Prior to the Coronavirus disease (COVID-19) pandemic, new technology was beginning to make significant strides within the traditionally manual, paper-based freight forwarding sector. An area of the supply chain often associated with an intricate web of players, including ocean, air and land controlled by various international governments, it has historically proven difficult to move the needle on the widespread adoption of new freight technology to modernize established processes.
However, the pandemic and the ways in which it subsequently accelerated the e-commerce boom both reaffirmed and accelerated technology advances in the area of freight forwarding. With online demand now affecting brands of nearly every size and vertical, retailers are increasingly eager to streamline their freight forwarding processes with the latest technology to decrease transactional costs and ultimately better enable their e-commerce capabilities.
While the pandemic was filled with challenges, it did reinforce the vital need to infuse new freight technology trends into the supply chain to help minimize future disruptions and allow for smarter decision making to ensure products are in the right place, at the right time, at the right cost. In particular, predictive analytics, Internet of things (IoT) and machine learning are areas to watch.
According to a 2021 MHI report, the number of supply chain leaders currently using predictive analytics is 31%. That number is expected to increase to a staggering 79% within the next 3-5 years. While the incorporation of predictive analytics into the supply chain to properly forecast, identify efficiencies and allocate resources to meet demand is not a new concept, the scope and the degree of accuracy behind the technology are becoming more advanced.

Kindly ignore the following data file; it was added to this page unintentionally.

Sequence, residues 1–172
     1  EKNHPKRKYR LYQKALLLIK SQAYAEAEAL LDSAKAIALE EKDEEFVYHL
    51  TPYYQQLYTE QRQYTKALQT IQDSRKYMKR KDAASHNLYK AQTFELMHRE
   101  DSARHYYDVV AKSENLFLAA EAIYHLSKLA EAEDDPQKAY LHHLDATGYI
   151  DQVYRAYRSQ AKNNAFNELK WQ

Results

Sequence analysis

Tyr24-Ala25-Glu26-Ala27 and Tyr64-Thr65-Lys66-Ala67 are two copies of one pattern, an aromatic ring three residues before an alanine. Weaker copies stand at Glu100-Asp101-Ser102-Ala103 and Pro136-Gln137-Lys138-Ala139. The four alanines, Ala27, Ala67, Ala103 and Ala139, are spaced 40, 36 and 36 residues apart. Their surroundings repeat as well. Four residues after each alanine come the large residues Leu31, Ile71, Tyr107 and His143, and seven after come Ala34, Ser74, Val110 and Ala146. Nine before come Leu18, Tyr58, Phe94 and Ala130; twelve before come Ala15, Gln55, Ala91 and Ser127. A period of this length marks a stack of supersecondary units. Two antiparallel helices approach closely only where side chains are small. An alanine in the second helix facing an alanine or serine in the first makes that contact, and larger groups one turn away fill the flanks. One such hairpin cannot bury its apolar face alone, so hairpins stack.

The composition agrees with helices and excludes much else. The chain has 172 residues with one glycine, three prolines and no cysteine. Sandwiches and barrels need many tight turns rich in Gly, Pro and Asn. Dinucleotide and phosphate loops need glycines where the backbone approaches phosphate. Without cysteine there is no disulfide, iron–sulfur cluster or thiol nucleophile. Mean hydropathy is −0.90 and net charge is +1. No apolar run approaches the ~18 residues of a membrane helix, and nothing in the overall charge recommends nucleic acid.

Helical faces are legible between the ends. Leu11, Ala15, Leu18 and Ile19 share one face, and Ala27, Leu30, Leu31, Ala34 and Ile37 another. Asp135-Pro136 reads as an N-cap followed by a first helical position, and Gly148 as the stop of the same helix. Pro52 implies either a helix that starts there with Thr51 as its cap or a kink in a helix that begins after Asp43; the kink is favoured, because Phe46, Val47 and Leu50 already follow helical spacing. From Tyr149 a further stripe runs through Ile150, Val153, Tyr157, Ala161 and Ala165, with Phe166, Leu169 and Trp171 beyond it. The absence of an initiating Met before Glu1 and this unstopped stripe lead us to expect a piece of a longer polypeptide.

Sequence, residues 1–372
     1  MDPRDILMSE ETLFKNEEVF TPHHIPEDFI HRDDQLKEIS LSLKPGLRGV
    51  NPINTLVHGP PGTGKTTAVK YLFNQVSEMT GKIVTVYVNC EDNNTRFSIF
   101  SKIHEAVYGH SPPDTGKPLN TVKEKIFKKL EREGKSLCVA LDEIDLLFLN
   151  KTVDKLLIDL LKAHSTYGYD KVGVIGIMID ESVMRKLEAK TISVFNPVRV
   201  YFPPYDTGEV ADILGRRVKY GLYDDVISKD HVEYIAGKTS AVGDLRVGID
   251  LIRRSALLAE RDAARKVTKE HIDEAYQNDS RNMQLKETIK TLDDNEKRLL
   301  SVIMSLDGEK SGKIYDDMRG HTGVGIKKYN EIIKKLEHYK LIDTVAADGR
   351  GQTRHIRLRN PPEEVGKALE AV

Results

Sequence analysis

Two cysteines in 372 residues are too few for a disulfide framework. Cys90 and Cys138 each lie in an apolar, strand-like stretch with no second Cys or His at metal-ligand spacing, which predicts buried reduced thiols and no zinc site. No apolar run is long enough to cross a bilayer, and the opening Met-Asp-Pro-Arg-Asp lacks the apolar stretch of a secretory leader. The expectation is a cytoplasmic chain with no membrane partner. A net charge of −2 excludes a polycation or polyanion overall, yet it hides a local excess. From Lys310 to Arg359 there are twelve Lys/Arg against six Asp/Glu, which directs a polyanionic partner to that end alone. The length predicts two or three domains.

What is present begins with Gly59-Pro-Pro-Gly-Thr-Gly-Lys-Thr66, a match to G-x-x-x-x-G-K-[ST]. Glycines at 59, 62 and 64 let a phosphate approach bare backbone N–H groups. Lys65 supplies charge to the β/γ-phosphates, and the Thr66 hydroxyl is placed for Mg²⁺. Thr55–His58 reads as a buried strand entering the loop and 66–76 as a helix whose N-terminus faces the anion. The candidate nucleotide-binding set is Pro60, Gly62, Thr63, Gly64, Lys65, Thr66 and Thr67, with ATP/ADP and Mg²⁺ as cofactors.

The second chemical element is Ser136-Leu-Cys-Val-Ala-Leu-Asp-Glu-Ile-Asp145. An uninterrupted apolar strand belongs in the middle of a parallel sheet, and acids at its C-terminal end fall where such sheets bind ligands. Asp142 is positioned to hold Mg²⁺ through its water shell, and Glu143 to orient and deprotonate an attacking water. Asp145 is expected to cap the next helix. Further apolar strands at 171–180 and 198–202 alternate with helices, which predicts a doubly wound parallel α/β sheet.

Traditionally, predictive analytics have used algorithms to best anticipate future outcomes based on internal historical and transactional data across the supply chain (think real-time sensors monitoring modes of transportation, route schedules, inventory levels and associated equipment). However, today’s trend is to increasingly incorporate external analytics into the algorithms to increase the level of predictive accuracy. In addition to factors such as weather, this includes accounting for unexpected geopolitical events such as a port strike, tariff barriers and more across the vast global economy. It is no longer enough to simply rely on internal data to inform business decisions. Today, enhancing predictive analytics capabilities through an increasing amount of external data will provide businesses a competitive edge by enhancing reliability, accurately forecasting delivery ETAs and reducing costs.
Simply stated, the IoT is a network of interconnected devices that monitor and transmit data over the internet. Within the freight forwarding sector, think of IoT as small physical devices that use sensors to provide real-time cargo tracking and monitoring updates automatically to the internet to allow for nimble adjustments. The increased use of IoT technology within the logistics sector is another area of watch, and it is expected to increase from $34 million in 2019 to $100 million by 2030.